While the list has grown in the last 45 years to more than 1,000 places worldwide, there are only 25 in America. The Okefenokee would join Yellowstone and Yosemite, the Statue of Liberty and Independence Hall.

And in a couple of significant ways, the Okefenokee would be a first.

It would be the first World Heritage site in Georgia, and the only one between the Everglades in South Florida and the Great Smoky Mountains in North Carolina and Tennessee.

And it would be the first of America’s nearly 600 national wildlife refuges to become a World Heritage site.

National parks and national wildlife refuges both fall under the U.S. Interior Department umbrella. But they are separate. National refuges are managed by the U.S. Fish and Wildlife Service, not the National Park Service. In general, they aren’t as high profile as national parks, don’t have the same level of visitation, and — until now — don’t get nominated for World Heritage status.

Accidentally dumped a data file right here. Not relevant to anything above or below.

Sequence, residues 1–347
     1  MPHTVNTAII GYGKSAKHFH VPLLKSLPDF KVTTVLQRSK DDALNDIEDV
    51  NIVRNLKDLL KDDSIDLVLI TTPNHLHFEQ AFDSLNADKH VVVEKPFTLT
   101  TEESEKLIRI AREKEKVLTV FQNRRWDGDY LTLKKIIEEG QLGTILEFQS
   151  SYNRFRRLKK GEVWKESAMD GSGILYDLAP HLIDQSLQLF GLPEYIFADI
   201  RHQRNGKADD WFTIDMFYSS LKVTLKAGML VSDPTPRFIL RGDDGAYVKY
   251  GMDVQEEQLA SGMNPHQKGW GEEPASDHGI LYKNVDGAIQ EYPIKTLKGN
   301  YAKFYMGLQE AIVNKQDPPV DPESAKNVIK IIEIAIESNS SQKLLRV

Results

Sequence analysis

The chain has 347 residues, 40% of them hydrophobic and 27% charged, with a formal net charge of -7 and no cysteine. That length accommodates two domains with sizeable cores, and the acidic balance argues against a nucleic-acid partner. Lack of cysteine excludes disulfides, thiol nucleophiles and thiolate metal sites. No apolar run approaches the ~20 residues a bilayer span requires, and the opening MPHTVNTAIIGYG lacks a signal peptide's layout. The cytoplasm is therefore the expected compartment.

Even making it to this point has been a long process. Established as a national wildlife refuge in 1937, the Okefenokee was identified as a potential World Heritage site in 1982. Twenty-five years later, in 2007, it was added to the United States’ “tentative” nominees list, where it stayed for another 16 years. Now it seems to finally have the momentum and backing to make it happen — beyond local efforts, Interior Department officials and bipartisan support in Congress.

But there are several big steps ahead in 2024 — the completion of formal documents for the bid  — before the Okefenokee officially becomes a World Heritage site in 2025 or 2026. Maybe. Some nominees languish “under consideration” for years.

So, with all of this in mind, it seemed like a good time to go for a boat ride in the swamp to ask: What would this status mean for the Okefenokee and the region around it? What makes the Okefenokee worthy? And, more simply, what makes it a place worth visiting?

Attempt to drain the swamp failed